INSIDE APPLE. And speaking of execs with attitude, there's the one and only Steven P. Jobs, whose exploits, along with those of other Silicon Valley biggies, are described in Apple: The Inside Story of Intrigue, Egomania, and Business Blunders (Times Business) by Wall Street Journal West Coast technology reporter Jim Carlton.
This effort, too, is plagued by the inherent inability of book authors to keep up with events. Still, Carlton's exhaustive reporting brings to life crucial moments out of Apple Computer Inc.'s past, noted reviewer Peter Burrows. And even Microsoft Corp.'s chief, Bill Gates, comes off fairly well. Apple-watchers, take note.
A company crisis is also the theme of Car: A Drama of the American Workplace (Norton) by Mary Walton, a former Philadelphia Inquirer reporter. When she set out in 1993 to chronicle the redesign of Ford Motor Co.'s highly successful Taurus, Walton never imagined that she'd be documenting the carmaker's comeuppance. The author became a virtual Ford insider for almost three years. But even before she had finished the book, which covers the new Taurus from conception to assembly line to dealers' lots, it was clear that the updated model would be something less than a megahit.
Car "provides an unusual glimpse into how a big corporation filled with smart, capable, and well-intentioned people can fall...far short of its goals," said reviewer Kathleen Kerwin. It's a good read, too.
Such good intentions, it's often said, constitute the macadam of the road to hell--and to business extinction. But untimely corporate deaths are avoidable, says onetime Royal Dutch/Shell Group executive Arie de Geus in The Living Company: Habits for Survival in a Turbulent Business Environment (Harvard Business School Press). After noting that the life expectancy of the average multinational is only 40 to 50 years, de Geus reports that there are some notable exceptions, such as Sweden's Stora, founded some 700 years ago as a copper miner and now a paper and chemical producer. The high corporate death rate, he feels, represents huge wasted potential.
The author describes a 1993 Shell study that looked at long-lived companies. It found they refused to allow the loss of a key resource to bring ruin, regularly shifting businesses. Furthermore, de Geus says that too many outfits expire because their officers run them as profit machines rather than as "a community of humans" that values tolerance and "flocking," or bringing people together in a way that promotes the dissemination of learning. Said reviewer Julia Flynn, The Living Company "provides an interesting challenge to basic assumptions about the way companies work."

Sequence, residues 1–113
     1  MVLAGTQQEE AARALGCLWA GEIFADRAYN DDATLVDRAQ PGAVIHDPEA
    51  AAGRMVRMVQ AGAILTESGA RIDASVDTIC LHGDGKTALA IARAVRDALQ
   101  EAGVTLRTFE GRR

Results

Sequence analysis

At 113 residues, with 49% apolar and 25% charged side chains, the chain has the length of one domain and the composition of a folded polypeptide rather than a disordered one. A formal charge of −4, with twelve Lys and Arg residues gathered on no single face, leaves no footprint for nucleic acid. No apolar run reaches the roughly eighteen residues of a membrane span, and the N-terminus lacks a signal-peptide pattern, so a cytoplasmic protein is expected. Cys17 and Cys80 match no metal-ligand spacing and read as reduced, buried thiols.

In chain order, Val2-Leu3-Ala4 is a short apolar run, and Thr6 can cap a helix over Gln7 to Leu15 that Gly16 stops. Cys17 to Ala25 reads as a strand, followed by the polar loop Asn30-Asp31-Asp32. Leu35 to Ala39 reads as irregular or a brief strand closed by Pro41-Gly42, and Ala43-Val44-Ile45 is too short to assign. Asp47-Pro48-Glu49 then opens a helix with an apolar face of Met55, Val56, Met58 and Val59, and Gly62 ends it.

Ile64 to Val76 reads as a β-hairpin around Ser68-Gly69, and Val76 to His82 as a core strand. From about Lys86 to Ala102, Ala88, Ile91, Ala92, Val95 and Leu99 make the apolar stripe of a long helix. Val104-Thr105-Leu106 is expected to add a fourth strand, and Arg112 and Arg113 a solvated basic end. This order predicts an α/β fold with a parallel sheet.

There's plenty of flocking in Japan, says Ivan P. Hall. In fact, claims the onetime university professor, Japan's cultural practices represent a formidable barrier against foreign professionals. In Cartels of the Mind: Japan's Intellectual Closed Shop (Norton), Hall focuses on the largely extralegal practices that keep the law, journalism, research, and academe mostly closed to non-Japanese.
Bar association rules there severely limit the practices of foreign lawyers. Elite reporters' groups, the kisha kurabu, enjoy privileged access to sources but are closed to all not affiliated with Japanese news outlets. Universities regularly deny tenure to non-Japanese professors. "Japanese intellectuals maintain these barriers with enthusiastic conviction," says Hall, "and with no visible desire to reciprocate the open access they themselves enjoy in other countries." Hall, says reviewer Robert Neff, "demonstrates passionately and persuasively that [Japan's] cartels aren't only economic."
CEO AS TEACHER. Finally, class, raise your hands if you're aware of a recent book with a fresh take on leadership. No? Well, check out The Leadership Engine: How Winning Companies Build Leaders at Every Level (HarperBusiness) by University of Michigan Business School professor Noel M. Tichy with writer Eli Cohen. It is the book's thesis that "a company that continually produces leaders at all levels is here to stay because it has people who anticipate and know how to deal with change."
Many of the usual CEO suspects, including PepsiCo Inc.'s Roger A. Enrico and AlliedSignal Inc.'s Lawrence A. Bossidy, are discussed by Tichy and Cohen. But this time, it's the work of the chief executives as teachers that's celebrated. What's more, the authors introduce us to a host of less familiar leaders, including a ServiceMaster Co. account manager and the head of an AlliedSignal seatbelt factory. We also read how such companies as General Electric Co. and Intel penalize executives who fail to develop subordinates' leadership skills. By placing mentoring atop executive priority lists, Tichy and Cohen "offer managers a way of becoming ever more influential," said reviewer John A. Byrne. Education and leadership--that's what the top business books are all about.